Reformation Women - Part 2

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In Reformation Women, Rebecca Van Doodewaard profiles 12 women and their influence on the growth of the Protestant church throughout Europe in the 15th and 16th centuries. They came from different countries, backgrounds, families, and socio-economic levels, and but each of them was committed to sharing the true gospel. Here is a snapshot of each of these women we learn more about… (VanDoodewaard writes about these women using their maiden names, mainly to avoid confusion between them when some were married multiple times.)

Anna Reinhard was born into a middle class family in Switzerland. She faced a great amount of grief in her life, losing her first husband and a child to sickness and then her second husband, son, brother and son in law in the battles between Roman Catholics and Reformers. Her second husband, Ulrich Zwingli, was a prominent preacher and one of the first to translate the Bible into German. Well known for her piety and kindness, Anna ably supported his ministry by hosting large groups of people in their home. I was struck by Anna’s faithfulness to God despite the suffering she faced throughout her life.

Anna Adlischweiler fascinated me, because she was living in a convent when she heard the Word of God preached by Zwingli (Anna Reinhard’s husband) and was convicted of the truth of the gospel. She was one of the first nuns to leave a convent and marry a priest, which brought particular persecution on Anna and her husband Henry Bullinger from Roman Catholics. While raising 11 children, Anna and Henry’s home in Zurich was a safe haven for many fleeing persecution across Europe. She regularly demonstrated a life of self-sacrifice in order to worship God, and in doing so helped support many of the young Reformers.

Jane Tooher shared about Katharina Schutz (her married name was Zell) at EQUIP17 this year. Katharina is remembered for her extensive writing, both in correspondence with other reformers, theologians and political leaders, but also in outlining and defending the key Reformation truths of the gospel. Unable to have children, Katharina dedicated her time to helping the outcasts - refugees, those in hospital with shunned diseases, and those in prison. It is about her that VanDoodewaard wrote, “she used her gifts for gospel change in her own sphere in whatever ways possible” (p24).

The next Reformation woman, Margarethe Blaurer, is distinctive from the others here in that she remained single throughout her life. She and her brothers were influential in the Swiss Reformation. I was encouraged to hear that Margarethe read widely, and was also committed to educating and training up others. She was well known for her practical support and sacrificial love for those needing help, which culminated in her early death from the plague at age 47.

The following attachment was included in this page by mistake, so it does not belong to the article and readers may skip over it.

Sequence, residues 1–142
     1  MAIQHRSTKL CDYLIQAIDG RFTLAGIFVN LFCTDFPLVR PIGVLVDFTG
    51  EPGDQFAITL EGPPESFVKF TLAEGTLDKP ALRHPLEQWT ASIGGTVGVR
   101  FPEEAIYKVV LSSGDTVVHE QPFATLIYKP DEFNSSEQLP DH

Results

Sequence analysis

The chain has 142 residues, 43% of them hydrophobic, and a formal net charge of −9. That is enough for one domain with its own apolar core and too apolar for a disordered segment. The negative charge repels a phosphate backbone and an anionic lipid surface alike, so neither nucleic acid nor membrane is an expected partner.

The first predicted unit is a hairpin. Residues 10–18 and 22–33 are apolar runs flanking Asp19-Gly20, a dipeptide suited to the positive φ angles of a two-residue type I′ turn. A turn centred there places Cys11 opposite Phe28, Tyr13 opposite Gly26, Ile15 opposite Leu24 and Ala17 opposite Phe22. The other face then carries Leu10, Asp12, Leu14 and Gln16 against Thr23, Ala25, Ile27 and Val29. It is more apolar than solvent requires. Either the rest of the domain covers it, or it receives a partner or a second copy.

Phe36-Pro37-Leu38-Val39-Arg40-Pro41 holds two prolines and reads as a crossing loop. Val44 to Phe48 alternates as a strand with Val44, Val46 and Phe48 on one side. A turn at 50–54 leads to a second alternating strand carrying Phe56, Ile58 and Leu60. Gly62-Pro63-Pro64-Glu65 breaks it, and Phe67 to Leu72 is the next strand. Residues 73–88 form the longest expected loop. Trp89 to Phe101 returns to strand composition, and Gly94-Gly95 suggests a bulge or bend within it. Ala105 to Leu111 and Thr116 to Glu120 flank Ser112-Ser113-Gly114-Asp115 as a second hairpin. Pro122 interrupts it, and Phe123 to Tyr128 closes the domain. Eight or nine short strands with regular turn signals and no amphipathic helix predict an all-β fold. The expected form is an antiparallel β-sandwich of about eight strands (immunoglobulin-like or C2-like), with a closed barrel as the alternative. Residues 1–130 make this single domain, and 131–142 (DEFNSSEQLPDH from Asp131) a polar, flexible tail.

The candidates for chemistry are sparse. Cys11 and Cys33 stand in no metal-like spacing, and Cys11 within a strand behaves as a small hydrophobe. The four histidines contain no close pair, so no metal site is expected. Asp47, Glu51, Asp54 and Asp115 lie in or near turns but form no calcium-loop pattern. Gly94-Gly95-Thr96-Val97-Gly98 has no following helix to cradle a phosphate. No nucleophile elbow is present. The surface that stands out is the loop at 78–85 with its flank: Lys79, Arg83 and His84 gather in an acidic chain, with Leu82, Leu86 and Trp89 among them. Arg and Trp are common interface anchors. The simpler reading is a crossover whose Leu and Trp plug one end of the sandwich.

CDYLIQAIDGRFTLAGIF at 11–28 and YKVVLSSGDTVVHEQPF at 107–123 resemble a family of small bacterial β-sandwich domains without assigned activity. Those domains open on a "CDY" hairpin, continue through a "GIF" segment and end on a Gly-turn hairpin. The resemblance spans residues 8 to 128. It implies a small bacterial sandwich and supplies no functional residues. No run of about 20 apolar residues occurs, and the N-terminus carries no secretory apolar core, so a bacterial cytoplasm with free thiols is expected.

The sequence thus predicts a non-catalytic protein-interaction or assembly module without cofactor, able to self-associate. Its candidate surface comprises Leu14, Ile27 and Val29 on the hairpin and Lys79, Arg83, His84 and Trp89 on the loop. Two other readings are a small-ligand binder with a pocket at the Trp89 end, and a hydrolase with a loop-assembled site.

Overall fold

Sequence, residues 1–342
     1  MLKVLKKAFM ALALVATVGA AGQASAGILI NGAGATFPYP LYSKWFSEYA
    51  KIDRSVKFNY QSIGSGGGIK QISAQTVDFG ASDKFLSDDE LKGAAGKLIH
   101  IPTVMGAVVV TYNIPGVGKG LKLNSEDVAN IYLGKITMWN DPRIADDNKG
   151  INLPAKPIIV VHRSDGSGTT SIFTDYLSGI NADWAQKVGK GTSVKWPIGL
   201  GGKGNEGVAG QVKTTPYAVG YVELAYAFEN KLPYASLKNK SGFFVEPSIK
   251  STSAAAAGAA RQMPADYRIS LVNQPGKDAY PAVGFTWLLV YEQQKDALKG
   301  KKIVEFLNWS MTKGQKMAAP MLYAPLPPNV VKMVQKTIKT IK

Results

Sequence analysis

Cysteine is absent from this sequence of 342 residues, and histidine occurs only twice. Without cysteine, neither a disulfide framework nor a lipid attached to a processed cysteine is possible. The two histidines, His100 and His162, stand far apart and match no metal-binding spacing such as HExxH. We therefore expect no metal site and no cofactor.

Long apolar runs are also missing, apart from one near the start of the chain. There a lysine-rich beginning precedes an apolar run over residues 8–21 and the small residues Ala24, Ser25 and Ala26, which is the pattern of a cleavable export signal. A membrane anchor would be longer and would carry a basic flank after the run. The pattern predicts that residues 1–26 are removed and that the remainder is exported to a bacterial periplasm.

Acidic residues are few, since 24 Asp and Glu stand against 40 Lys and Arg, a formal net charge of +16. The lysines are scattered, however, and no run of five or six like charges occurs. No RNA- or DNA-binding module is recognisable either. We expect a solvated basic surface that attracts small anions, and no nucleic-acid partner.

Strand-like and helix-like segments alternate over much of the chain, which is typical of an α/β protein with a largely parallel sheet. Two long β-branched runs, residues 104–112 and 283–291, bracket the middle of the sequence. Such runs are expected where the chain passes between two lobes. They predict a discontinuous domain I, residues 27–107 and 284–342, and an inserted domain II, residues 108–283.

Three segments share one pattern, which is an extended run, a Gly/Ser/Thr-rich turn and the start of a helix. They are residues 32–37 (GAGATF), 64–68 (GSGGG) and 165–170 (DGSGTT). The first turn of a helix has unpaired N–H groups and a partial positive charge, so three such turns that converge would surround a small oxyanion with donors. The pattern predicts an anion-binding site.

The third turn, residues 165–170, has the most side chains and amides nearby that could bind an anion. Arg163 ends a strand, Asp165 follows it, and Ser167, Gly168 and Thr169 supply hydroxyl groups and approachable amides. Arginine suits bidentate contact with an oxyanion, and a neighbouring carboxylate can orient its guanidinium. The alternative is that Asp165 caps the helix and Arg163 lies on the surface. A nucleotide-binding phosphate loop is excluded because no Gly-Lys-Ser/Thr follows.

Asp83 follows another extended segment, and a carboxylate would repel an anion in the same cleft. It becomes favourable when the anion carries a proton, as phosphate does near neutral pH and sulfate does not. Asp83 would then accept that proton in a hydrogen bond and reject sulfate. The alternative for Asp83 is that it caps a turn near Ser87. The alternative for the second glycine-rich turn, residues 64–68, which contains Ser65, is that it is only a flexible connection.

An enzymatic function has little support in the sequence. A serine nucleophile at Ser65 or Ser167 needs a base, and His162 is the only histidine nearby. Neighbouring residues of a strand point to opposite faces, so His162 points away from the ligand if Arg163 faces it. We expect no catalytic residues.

Marguerite de Navarre was the first Reformed French princess. French Protestants faced sustained and awful persecution, and while Marguerite’s regal position mostly protected her from it, she still faced opposition from her husband’s brother, the King of France, to the extent that her child was taken away to be raised a Roman Catholic. Marguerite wrote extensively, particularly poems that were personal, and deeply grounded in scripture. She also used her position in society to provide refuge for many Reformers who were forced to flee their homes. I was encouraged to see her determination to be a woman involved in theological discussions as well as practically loving her brothers and sisters from any walk of life.

Thankfully, the attempts to control the faith of Marguerite’s daughter Jeanne d’Albret were unsuccessful, and she was not afraid to publically profess her Reformed faith in the kingdom of Navarre where she was Queen. This was not without consequences however, as her son was taken away from her, and she faced extensive opposition. Jeanne’s mountain kingdom became a sanctuary for French Protestants (also known as Huguenots) fleeing threat of execution. I was struck by Jeanne’s unrelenting trust in God as she took on the role of military leader. And at the same time, she was supporting the publication of the New Testament into the Basque language. Sadly, after her death the Huguenots were massacred and Protestantism in France was all but squashed. But during her lifetime Marguerite fought for reform and people’s ability to read God’s word in their own language.

I appreciated the way that Van Doodewaard provides a short but comprehensive biography of each of these women. They are accessible and easy to read discretely if you don’t have much time. I do wish that there had been a map in the back of the book, to help place many of the locations. In my next post I’ll share a bit about the remaining Reformation women Van Doodewaard brings to our attention.

 

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Writer | Sarah Cameron I love to read, but don’t get much time to at the moment with 3 kids under 3 years old. I’m thankful to be part of the St Barnabas Anglican Church Fairfield and Bossley Park church family, where my husband Gus is an Assistant Minister. Not originally from the South West, our free time is spent exploring the local area, experiencing new foods and getting to know people from different backgrounds.

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